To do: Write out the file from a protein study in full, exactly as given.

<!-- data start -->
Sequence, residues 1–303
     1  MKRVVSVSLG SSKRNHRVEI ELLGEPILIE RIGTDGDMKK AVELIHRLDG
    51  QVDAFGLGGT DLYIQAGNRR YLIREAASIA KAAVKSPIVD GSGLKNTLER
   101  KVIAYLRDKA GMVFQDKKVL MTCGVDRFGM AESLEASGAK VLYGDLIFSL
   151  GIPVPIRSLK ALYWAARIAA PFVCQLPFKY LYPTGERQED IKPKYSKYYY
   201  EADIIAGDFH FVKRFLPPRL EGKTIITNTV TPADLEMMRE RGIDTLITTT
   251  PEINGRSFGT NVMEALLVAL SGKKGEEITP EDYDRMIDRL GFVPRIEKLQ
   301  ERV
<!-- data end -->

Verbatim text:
Sequence, residues 1–303
     1  MKRVVSVSLG SSKRNHRVEI ELLGEPILIE RIGTDGDMKK AVELIHRLDG
    51  QVDAFGLGGT DLYIQAGNRR YLIREAASIA KAAVKSPIVD GSGLKNTLER
   101  KVIAYLRDKA GMVFQDKKVL MTCGVDRFGM AESLEASGAK VLYGDLIFSL
   151  GIPVPIRSLK ALYWAARIAA PFVCQLPFKY LYPTGERQED IKPKYSKYYY
   201  EADIIAGDFH FVKRFLPPRL EGKTIITNTV TPADLEMMRE RGIDTLITTT
   251  PEINGRSFGT NVMEALLVAL SGKKGEEITP EDYDRMIDRL GFVPRIEKLQ
   301  ERV